Saudi builds border barrier

Saudi Arabia has continued to build a "security screen" on its southern border, ignoring protestations from the Yemeni government in Sanaa.

    Saudi wants all traffic filing through checkpoints

    Rejecting any comparison with Israel's controversial West Bank barrier, Saudi border guard chief Talal Anqawi told the pan-Arab newspaper Asharq al-Awsat on Monday that he plans to prevent vehicles crossing into the kingdom illegally.
       
    But preventing lucrative arms smuggling in mountainous tribal areas is likely to prove a huge task.

    Tonnes of weapons, ammunition and explosives have been seized over the years, but is likely to represent only a small percentage of arms that actually make their way north.    
       
    The two countries, who only recently ended a long-running border dispute, have stepped up security cooperation since suicide bombings in Riyadh killed more than 50 people last year.

    Yemen unimpressed
       

    "What is being constructed inside our borders with Yemen is a sort of screen...which aims to prevent infiltration and smuggling. It does not resemble a wall in any way"

    Talal Anqawi,
    Saudi chief border guard

    But Yemeni newspapers have reported that the government has complained about the route of the barrier.

    Sanaa says the barrier is being built in a 20km zone designated as an open area under a 2000 border agreement.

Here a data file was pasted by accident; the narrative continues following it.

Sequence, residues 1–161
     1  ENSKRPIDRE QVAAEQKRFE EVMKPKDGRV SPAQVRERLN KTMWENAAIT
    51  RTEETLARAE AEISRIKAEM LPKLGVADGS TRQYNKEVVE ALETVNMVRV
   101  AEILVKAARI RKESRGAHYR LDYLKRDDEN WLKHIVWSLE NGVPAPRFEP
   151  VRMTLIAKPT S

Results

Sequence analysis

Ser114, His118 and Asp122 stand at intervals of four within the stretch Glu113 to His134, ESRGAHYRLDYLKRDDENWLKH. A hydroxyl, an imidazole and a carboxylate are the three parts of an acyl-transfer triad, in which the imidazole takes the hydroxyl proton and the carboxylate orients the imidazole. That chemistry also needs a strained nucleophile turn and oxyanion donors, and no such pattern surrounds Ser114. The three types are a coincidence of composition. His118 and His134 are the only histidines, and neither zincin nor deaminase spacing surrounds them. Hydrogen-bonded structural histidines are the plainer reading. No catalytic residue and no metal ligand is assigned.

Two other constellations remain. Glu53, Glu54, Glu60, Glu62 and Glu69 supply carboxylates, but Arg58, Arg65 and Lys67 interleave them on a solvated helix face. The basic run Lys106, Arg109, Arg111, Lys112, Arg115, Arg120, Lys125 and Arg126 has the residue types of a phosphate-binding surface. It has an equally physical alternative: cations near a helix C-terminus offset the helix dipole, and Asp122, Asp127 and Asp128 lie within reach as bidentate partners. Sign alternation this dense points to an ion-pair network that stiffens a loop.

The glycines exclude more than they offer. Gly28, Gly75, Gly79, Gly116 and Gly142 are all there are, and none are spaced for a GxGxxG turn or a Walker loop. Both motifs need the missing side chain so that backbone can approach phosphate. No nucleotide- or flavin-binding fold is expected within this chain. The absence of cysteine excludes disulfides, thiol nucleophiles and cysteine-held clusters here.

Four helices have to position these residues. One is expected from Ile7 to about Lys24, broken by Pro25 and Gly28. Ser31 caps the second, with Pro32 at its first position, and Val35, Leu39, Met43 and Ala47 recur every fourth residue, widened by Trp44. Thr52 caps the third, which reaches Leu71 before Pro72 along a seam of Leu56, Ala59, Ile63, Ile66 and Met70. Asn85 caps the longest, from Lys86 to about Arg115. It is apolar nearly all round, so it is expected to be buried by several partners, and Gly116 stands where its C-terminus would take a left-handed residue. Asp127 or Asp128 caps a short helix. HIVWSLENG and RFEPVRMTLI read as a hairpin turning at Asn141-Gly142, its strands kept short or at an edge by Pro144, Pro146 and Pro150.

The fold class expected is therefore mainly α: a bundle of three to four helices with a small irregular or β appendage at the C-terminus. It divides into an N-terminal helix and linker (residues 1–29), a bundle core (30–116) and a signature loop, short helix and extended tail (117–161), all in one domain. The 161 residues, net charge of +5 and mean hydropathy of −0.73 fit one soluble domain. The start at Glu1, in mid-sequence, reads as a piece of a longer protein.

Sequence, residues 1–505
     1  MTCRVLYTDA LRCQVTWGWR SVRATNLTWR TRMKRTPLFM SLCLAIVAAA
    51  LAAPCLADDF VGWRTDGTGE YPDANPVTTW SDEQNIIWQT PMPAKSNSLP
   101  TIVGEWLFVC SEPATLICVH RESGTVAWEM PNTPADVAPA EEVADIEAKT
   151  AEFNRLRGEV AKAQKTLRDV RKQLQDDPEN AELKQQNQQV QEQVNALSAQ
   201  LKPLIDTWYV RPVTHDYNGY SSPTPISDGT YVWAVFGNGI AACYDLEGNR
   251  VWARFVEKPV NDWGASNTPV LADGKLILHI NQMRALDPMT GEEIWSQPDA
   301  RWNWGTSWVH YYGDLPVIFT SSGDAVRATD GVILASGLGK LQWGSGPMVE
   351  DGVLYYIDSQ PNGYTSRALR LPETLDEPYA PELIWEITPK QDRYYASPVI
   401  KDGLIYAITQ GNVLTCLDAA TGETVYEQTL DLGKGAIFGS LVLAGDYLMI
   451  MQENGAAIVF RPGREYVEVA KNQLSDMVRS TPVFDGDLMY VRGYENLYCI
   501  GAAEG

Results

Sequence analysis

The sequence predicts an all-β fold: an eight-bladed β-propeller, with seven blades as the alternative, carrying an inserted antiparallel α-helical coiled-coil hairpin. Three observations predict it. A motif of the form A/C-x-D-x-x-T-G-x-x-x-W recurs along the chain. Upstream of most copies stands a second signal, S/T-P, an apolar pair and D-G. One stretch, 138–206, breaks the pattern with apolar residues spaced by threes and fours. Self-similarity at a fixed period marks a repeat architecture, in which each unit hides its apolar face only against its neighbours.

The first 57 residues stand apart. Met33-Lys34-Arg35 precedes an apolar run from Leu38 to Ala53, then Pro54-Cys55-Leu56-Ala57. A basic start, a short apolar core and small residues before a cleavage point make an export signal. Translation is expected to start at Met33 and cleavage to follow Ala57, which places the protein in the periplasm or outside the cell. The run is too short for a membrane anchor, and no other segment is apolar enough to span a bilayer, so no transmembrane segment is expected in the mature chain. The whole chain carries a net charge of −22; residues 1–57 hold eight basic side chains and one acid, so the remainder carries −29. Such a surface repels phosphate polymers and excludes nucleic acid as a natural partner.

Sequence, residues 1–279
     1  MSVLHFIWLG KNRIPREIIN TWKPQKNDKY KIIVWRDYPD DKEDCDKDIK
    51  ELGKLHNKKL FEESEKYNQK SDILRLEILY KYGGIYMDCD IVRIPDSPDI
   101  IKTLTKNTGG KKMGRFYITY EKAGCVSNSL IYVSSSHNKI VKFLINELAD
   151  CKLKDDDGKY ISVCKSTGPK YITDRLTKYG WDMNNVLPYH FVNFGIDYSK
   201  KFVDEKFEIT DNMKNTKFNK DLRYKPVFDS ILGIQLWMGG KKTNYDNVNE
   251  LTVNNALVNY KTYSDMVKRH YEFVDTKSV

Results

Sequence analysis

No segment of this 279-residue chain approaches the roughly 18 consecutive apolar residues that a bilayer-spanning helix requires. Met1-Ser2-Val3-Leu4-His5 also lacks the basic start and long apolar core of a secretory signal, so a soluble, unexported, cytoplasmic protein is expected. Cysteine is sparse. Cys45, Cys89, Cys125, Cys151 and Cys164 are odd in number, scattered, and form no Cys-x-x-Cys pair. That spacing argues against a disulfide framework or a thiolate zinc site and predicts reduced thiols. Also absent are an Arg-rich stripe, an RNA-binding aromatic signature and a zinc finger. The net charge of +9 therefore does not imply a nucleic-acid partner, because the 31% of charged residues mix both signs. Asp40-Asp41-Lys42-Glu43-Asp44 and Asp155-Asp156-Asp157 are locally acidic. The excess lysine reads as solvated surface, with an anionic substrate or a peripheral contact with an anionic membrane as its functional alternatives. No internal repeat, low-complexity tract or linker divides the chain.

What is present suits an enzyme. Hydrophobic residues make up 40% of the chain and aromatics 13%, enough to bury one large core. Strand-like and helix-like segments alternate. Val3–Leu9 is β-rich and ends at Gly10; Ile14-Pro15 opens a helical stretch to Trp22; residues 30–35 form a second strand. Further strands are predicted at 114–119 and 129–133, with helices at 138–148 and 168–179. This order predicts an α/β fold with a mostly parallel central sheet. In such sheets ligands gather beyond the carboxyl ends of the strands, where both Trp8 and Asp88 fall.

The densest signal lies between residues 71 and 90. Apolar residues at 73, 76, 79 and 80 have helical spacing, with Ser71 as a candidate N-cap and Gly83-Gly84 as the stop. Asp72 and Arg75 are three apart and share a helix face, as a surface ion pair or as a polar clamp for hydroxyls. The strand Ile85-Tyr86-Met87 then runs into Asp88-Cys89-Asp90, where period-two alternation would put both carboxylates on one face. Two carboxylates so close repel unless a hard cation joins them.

The chief secretary to the Border Commission, Muhsin Ramadan, told Aljazeera.net on Monday that Sanaa had sent a delegation to Jidda to protest the Saudi decision. 
       
    However Anqawi said the barrier was being built on Saudi soil and denied any comparison of the screen to the barrier being built by Israel.
       
    "What is being constructed inside our borders with Yemen is a sort of screen...which aims to prevent infiltration and smuggling. It does not resemble a wall in any way."
       
    Defence contract

    Riyadh is also close to awarding a contract worth up to seven billion euros to defence electronics company Thales.

    The French firm hopes to have the contract to supply a border surveillance system within weeks. 

    Pictures of the Saudi-Yemeni barrier reveal a section of raised, concrete-filled pipeline similar to that on the kingdom's northern border with Kuwait.
       
    Diplomats say Saudi Arabia is urgently stepping up border controls after the surge of domestic violence and instability last year.

    SOURCE: Aljazeera + Agencies


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